margaret-kuester-story1.pngThis summer, I had the opportunity to participate in the Westside Fellows Program through Candler. I worked at a nonprofit organization called House of Cherith, which provides trauma-informed care and transitional housing to women coming out of sex trafficking and sexual exploitation. Before working with House of Cherith, I had studied and worked with victims of sex trafficking around the world. Despite growing up in the United States, I only recently learned about the horrific trafficking statistics that happen domestically. According to the House of Cherith website, over 2,000,000 people are trafficked each year in the USA, and $290 million is spent annually on sex trafficking in Atlanta specifically.

Despite severe physical, emotional, and mental health damages to survivors, there is also a shortage of housing and supportive services for trafficked victims in the USA. House of Cherith seeks to provide housing and long-term care for women, and to psychologically, emotionally, mentally, and physically prepare them for their eventual transition to the real world. They are a faith-based organization, but accept and assist women from any faith background.

I did not realize just how purposeful my time at House of Cherith would feel, especially since I grew up in Atlanta. As a Westside Fellow, I was able to work closely with the psychological clinicians and behavior health specialists. I had the opportunity to research and write programming, and I was able to shadow the clinicians as they led their specialized courses. I was also entrusted to lead multiple courses myself, guided by clinicians, as well as my own research and pastoral care education, which allowed me to see the harsh realities that these women had faced.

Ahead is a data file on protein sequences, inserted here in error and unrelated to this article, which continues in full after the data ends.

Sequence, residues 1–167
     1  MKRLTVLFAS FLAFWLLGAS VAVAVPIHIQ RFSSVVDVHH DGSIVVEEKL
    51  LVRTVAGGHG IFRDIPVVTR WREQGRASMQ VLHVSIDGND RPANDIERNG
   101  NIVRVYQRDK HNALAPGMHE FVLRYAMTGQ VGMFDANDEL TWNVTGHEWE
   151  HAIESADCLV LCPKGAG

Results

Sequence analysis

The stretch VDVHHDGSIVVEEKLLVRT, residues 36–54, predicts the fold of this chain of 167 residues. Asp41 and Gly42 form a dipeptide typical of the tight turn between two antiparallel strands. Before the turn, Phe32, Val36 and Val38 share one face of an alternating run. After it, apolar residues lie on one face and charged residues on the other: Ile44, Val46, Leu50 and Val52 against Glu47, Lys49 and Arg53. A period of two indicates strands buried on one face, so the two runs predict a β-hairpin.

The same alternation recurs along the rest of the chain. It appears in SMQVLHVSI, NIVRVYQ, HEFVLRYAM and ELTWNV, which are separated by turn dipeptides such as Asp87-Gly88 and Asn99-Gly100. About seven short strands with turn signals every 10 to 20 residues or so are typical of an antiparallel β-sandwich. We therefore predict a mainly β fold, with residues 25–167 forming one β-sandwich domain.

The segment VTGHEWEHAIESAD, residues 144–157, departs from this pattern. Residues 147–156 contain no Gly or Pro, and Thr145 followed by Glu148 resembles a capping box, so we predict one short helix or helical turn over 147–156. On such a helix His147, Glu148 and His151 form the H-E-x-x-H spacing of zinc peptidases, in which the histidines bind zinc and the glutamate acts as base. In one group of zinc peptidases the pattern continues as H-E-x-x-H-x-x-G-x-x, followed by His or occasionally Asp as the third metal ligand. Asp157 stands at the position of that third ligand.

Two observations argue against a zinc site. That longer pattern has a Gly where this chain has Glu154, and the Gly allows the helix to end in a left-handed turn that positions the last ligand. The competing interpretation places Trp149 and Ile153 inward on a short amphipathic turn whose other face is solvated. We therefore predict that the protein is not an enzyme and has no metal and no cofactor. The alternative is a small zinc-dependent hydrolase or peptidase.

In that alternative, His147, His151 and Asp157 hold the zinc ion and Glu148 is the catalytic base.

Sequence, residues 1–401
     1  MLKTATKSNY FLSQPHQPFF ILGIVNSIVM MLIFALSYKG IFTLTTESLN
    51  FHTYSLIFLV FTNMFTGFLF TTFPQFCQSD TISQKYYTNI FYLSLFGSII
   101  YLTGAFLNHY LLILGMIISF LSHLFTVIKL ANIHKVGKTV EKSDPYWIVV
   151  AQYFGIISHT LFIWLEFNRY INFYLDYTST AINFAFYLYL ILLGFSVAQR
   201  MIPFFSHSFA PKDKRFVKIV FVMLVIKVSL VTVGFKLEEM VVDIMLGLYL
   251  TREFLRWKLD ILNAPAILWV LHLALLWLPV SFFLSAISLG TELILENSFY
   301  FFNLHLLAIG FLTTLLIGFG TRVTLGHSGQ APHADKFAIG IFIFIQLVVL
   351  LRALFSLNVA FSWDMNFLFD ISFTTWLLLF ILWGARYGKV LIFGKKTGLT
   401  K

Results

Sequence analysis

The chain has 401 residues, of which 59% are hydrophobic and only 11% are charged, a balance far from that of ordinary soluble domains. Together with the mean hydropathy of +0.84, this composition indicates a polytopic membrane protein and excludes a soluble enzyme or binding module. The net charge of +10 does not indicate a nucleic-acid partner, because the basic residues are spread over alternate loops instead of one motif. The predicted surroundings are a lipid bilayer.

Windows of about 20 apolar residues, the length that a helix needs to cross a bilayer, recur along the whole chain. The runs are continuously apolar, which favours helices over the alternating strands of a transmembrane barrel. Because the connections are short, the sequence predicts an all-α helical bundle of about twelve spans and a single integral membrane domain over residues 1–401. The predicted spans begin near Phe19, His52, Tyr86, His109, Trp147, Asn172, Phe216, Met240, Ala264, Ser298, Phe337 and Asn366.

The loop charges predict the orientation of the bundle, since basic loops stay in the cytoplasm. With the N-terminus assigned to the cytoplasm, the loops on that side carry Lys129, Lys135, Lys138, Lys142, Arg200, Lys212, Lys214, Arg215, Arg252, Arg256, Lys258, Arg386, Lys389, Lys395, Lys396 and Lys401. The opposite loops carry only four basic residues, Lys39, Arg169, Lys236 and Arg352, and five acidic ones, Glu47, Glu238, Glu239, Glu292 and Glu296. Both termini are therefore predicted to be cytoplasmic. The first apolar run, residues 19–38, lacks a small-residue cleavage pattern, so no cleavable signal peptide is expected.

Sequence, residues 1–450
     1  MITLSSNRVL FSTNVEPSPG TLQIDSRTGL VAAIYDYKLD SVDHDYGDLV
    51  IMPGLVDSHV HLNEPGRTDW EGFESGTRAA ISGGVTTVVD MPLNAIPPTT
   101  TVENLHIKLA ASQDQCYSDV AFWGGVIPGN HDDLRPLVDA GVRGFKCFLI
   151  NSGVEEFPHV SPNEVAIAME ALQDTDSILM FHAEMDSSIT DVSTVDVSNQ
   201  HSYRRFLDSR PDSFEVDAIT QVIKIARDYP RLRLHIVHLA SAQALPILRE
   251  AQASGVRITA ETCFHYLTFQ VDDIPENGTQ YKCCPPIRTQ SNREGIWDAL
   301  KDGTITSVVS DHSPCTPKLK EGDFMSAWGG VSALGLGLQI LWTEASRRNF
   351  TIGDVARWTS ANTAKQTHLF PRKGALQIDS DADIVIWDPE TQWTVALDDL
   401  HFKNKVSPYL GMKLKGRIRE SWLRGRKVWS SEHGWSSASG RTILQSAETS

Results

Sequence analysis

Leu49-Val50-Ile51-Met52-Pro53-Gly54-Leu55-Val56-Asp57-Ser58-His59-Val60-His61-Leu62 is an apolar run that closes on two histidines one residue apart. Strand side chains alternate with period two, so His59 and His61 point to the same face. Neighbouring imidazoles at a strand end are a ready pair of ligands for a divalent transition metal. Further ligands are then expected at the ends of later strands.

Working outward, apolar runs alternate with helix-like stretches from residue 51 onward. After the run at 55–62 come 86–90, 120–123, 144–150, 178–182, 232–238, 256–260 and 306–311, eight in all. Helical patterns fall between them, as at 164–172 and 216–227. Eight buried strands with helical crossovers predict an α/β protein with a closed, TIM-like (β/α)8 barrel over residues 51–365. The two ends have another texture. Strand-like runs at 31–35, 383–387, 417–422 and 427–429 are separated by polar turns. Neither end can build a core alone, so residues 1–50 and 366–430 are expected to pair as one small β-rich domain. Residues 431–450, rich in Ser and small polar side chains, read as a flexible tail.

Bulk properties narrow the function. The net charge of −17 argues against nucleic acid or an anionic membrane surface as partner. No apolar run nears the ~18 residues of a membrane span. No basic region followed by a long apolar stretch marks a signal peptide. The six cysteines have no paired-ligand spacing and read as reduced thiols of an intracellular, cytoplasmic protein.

In particular, I had the unique opportunity to propose, plan, and teach a course centering on healthy sexuality. I wrote programming to bridge the proverbial gap between a biblical and faith-based ideology and practical steps towards healthily engaging in sexuality after being sexually exploited. I researched and addressed toxic purity culture, with the help of Pure by Linda Kay Klein. My research was also guided by the 2014 Journal of the Society of Christian Ethics article “Christian Ethics and Human Trafficking Activism: Progressive Christianity and Social Critique,” co-written by Candler’s Assistant Professor in the Practice of Ethics and Society Letitia Campbell and Yvonne Zimmerman of the Methodist Theological School in Ohio.

While my research was directed by my faith and Christian spirituality, I also recognized that many of the women at House of Cherith did not come from overly spiritual backgrounds, nor would they identify as Christian. In this course, I sought to engage in an open dialogue about healing from sexual trauma in a way that does not codify anything sexual as inherently evil. I tried to be psychologically analytical, while still turning them toward the grace and solace that the gospel gives. As someone who grew up in toxic purity culture, this research allowed me to process my upbringing and background, too. It was a gift to have been trusted to plan and lead a course like this.

I will forever cherish the time I spent at House of Cherith. I can bear witness to the strength and resiliency embodied by each of the women. I am honored that they trusted me to lead and invest in their lives. I was honored to come alongside the women in their journeys. Each of them continues to inspire me to be a stronger and more empowered woman.

Top photo: Hannah Busing on Unsplash.com